Satire worthy of Jonathan Swift on the future of higher education op-ed generating machines over at The Tattooed Prof (Kevin Gannon) Go read:
Cutting-edge overgeneralizations culled from evolutionary science tells us that we’re hardwired to meet these existential threats via a combination of fight-or-flight response and provocative thinkpieces. American Higher Education stands at such a moment now, a disruptive juncture to end all disruptive junctures. At the end of the day, it will be the Innovators who preside over the College of the Future. And they will be joined by the Humanities professors who are brave enough to ignore the nattering nabobs of pedagogy and cling tenaciously to What Made Us Great. Both groups will win, or neither will. That’s the nature of Disruption.
I want especially to pick up on Gannon’s last paragraph, which underlies if not is featured in any breast-beating and wailing and gnashing of teeth about What’s Wrong with Higher Ed today, namely, the nostalgia most of us feel for our college days (mostly because we were young), and the false memory we sometimes have of our own seriousness and studiousness back in the day:
I may be some years removed from my own undergraduate experience, but that won’t stop me from extrapolating from it to make boundless decrees about what today’s undergraduates need. I distinctly recall some of the lectures I attended as a Neophyte Humanist yearning for mentorship and guidance for my delicate, impressionable mind. There was the impressive vastness of the auditorium, the distinct smell of old books and mildewed ceiling tiles, the smooth boards of the front stage, worn down by the tread of many a Demosthenes imparting–nay, entrusting–the Western Tradition to a new generation. And now I was one link in that chain, stretching from the Agora to the Quad, which is where I hung out when I was skipping lectures. I remember everything that happened as if it were unfolding right now–the overhead projector and fuzzy transparencies, the lapel mic fading in and out, the sweet bliss of dozing off just enough where I could still hear the professor’s voice in my dreams.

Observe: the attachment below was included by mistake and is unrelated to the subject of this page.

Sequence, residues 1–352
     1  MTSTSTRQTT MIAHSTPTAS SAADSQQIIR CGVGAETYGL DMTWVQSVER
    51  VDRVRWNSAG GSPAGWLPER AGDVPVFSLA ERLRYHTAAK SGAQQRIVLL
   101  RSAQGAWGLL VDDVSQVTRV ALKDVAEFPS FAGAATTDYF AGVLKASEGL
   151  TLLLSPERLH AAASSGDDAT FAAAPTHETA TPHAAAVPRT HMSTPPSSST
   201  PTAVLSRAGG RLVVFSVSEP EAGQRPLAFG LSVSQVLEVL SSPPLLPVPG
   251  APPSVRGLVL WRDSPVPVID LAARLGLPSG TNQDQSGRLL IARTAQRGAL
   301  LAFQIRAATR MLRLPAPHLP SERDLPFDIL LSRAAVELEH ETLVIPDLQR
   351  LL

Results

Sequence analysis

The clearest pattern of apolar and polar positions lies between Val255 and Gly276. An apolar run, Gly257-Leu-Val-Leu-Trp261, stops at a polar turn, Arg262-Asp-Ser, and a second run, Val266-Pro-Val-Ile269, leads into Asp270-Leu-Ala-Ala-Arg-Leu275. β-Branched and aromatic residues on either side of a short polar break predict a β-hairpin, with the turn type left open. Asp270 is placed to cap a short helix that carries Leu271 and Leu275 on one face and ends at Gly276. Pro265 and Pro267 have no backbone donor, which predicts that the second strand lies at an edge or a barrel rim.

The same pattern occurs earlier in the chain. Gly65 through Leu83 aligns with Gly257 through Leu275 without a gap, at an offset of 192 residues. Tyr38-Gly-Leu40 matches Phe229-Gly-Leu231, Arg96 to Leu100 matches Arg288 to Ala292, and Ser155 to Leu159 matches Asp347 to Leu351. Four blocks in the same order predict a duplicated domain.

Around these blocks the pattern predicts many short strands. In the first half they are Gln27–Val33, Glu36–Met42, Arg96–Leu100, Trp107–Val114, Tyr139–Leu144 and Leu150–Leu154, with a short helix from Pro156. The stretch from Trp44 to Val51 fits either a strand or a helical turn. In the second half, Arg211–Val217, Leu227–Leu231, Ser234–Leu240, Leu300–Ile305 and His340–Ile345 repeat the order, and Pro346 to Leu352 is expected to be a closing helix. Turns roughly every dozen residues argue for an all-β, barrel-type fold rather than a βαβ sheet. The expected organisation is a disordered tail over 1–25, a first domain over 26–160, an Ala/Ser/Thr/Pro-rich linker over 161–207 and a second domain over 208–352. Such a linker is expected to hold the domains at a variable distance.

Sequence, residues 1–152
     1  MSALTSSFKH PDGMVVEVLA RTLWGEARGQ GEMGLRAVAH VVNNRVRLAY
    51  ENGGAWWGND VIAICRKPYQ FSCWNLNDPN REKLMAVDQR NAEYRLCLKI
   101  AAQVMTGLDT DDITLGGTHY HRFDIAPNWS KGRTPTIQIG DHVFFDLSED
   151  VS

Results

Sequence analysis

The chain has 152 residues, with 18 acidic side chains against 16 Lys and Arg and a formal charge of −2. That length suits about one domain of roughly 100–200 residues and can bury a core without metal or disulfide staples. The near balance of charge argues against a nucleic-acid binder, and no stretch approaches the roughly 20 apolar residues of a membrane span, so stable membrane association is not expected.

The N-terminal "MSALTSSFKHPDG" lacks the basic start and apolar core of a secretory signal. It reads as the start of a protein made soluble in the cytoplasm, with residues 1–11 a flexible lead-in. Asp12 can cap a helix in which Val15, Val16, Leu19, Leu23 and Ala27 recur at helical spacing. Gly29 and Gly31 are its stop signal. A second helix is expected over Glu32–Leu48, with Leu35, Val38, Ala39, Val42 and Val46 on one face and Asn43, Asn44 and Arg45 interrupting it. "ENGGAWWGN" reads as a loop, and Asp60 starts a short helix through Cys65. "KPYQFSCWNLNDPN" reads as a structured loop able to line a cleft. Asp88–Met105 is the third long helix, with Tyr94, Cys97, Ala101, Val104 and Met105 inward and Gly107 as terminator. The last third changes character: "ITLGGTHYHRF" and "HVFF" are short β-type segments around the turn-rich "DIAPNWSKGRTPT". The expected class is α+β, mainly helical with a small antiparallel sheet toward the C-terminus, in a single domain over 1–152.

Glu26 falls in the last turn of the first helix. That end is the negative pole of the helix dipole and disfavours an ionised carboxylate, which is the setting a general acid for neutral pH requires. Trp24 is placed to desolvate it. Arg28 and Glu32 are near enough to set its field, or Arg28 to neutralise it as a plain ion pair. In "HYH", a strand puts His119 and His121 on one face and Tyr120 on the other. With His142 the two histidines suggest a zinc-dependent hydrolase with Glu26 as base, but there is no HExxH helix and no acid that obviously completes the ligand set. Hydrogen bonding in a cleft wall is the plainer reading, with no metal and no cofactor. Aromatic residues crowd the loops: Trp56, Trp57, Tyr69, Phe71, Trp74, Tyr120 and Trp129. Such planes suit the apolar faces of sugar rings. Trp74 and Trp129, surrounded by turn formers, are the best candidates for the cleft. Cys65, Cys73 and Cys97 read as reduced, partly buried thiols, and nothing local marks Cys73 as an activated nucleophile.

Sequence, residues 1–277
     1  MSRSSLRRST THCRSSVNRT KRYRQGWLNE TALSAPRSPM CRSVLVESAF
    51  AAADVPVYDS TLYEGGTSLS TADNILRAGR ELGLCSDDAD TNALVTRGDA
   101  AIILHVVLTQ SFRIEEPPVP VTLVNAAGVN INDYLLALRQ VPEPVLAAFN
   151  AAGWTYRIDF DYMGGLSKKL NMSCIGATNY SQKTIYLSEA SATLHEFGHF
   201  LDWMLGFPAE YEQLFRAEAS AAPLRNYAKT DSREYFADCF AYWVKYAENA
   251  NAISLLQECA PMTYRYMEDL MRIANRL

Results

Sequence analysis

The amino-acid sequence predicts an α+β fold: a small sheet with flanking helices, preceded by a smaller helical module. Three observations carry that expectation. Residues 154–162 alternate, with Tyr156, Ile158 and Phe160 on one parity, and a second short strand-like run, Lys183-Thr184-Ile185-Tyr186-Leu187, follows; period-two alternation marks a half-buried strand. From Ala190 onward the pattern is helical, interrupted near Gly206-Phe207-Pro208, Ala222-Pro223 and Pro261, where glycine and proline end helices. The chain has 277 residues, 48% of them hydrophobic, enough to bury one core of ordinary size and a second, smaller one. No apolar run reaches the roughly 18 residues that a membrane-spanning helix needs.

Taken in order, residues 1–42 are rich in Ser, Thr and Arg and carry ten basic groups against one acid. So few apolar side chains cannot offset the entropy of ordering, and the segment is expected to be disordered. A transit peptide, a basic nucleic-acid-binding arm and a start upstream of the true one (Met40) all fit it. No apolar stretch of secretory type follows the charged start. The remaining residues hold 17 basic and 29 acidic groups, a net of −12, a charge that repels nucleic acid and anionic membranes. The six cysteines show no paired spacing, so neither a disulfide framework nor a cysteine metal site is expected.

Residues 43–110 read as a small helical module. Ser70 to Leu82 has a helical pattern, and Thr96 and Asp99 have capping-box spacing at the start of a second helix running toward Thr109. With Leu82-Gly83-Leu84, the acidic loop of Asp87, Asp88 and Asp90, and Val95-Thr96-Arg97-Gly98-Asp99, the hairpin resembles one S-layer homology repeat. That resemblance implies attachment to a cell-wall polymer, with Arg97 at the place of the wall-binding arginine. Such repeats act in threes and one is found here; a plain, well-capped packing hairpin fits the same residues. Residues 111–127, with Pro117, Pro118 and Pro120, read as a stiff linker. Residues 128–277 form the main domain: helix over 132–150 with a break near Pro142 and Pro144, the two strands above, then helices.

Exactly! But these pompous pronouncements never remember college the way they actually experienced it, do they?
I’m mostly embarrassed by my behavior and class attendance record in college. I remember regularly falling asleep in my 9 a.m. Art History class, which I liked but which put me in a dark, dark room shortly after I had woken up. I remember skipping just about every single lecture in my two-semester Western Civ sequence Freshman Year. You could say I was a slow learner, or at least a very slow developer of a prefrontal cortex. In short, I was your average above-average idiot with below-average late-teenage decision-making skills until I was probably in my mid-twenties.
But here’s the big difference between me and those op-ed writers: I’ve been to college nearly every day of my working life since then, too! And my attendance record and my staying-awake-through-class abilities have improved remarkably. Of course, as we all know from the discourse on K-12 “reform” that education is too important to be left to the educators.